The next day, I got called up to see Karmapa. This time he is sitting on the throne and to my horror there was a great line in front of me and a great empty, empty floor to walk across, it was worse than being presented at Court, I promise you. I went forward, Karmapa was in the middle, and all the Rumtek tulkus were in line, in whatever seniority or rank, to his right. On his left were Urgen Trulku, Dabzang Rinpoche and Sabchu Rinpoche and all the locals. Sister Palmo was standing in front to help with translation if necessary. Karmapa said to me that my son was an incarnation of Sang gyes Nienpa Trulku Rinpoche, and was I pleased? Not knowing quite what to say I stammered "behold the hand maiden of the lord", Sister Palmo; that well of humour, wit and charm standing there smiled, and said "wrong script Hetty" and I came to and after a moments thought truthfully announced that "If it were for the benefit of all sentient beings for their welfare, then I am very pleased!". He smiled and that was it, I went out.



Later that day, he gave a ceremony and there were many many Tibetans and people over all the monastary courtyard. Ossian was wearing a very peculiar hat, a large red affair with a great brocade stripe going across the front of it. It seemed as though Karmapa were presenting him in this manner, to the Tibetan people, because he was right at his side.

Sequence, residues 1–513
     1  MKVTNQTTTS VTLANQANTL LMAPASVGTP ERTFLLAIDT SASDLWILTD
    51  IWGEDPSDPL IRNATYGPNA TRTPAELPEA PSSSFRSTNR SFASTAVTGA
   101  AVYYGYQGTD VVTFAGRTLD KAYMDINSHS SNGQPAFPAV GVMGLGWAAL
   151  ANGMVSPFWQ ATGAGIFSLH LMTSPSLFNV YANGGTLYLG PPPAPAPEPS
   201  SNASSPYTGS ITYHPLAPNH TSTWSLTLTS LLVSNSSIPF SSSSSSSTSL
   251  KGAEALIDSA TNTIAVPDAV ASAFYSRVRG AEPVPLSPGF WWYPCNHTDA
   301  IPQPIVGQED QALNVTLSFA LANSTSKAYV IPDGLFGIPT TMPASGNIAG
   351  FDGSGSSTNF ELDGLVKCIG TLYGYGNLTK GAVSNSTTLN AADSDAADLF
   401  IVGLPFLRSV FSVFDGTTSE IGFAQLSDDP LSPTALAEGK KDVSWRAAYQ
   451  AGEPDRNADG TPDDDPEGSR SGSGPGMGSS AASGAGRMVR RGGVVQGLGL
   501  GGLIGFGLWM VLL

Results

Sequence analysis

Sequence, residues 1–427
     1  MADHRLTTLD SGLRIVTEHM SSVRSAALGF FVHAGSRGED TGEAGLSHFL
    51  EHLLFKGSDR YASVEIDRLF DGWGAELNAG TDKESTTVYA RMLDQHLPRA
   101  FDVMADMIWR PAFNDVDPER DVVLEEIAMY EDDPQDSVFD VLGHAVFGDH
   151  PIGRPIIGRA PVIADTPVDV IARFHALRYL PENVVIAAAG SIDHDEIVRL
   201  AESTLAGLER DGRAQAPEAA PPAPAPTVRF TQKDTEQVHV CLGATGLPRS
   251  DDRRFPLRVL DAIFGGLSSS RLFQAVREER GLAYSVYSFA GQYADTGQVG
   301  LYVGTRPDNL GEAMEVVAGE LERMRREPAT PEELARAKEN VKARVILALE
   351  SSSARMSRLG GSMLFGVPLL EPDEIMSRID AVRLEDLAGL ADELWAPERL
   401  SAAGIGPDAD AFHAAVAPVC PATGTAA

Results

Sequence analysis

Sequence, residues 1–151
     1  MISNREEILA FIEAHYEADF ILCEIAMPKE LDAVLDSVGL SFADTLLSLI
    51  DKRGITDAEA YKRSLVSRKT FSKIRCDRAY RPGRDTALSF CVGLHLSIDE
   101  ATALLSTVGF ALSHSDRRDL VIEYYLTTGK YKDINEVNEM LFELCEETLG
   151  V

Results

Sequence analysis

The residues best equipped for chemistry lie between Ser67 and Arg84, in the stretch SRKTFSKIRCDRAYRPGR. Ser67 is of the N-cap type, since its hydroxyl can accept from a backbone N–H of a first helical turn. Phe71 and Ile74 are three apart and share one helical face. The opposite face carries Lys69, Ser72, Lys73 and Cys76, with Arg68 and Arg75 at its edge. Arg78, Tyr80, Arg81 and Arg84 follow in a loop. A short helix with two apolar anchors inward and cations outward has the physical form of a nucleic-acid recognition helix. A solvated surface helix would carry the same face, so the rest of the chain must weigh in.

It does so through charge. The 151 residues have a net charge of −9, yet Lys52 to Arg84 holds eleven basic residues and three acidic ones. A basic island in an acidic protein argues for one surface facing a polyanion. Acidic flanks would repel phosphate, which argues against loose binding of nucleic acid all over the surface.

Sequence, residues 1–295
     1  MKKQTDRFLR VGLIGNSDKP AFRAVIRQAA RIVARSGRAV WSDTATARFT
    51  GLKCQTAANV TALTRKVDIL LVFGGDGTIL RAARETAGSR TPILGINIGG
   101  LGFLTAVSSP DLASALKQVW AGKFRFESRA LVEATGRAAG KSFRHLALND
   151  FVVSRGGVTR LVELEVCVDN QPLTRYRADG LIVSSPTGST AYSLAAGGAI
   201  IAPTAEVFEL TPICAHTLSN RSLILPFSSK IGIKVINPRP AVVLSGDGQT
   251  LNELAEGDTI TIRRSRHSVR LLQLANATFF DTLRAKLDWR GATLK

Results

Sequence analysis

Karmapa was so sweet, he said he'd like to see me every day, but that he didn't know quite when, because he had so many people to see. He asked of I would mind staying around, would I mind waiting. I thought, how incredibly gracious. I assured him it was no problem whatsoever, as I lived there and anyway I was helping in the Gompa. So, I said I would either be in the kitchen or with Sister Palmo and anyway all the monks knew where I lived so there would be no difficulty in getting hold of me and I would come like a flash. So every day he would tell me little bits. What a tulku meant, enthronments, circles of protection etc etc. After a week of this nice going to see him once a day and getting things explained to me, we all took the Kargyu Nyagdzeu wongs, the father-mother tanta, which Karmapa gave for 3 months in Boudanath. Rinpoche took those, sitting up in front with all the other little tulkus, thoroughly, and 100% recognized.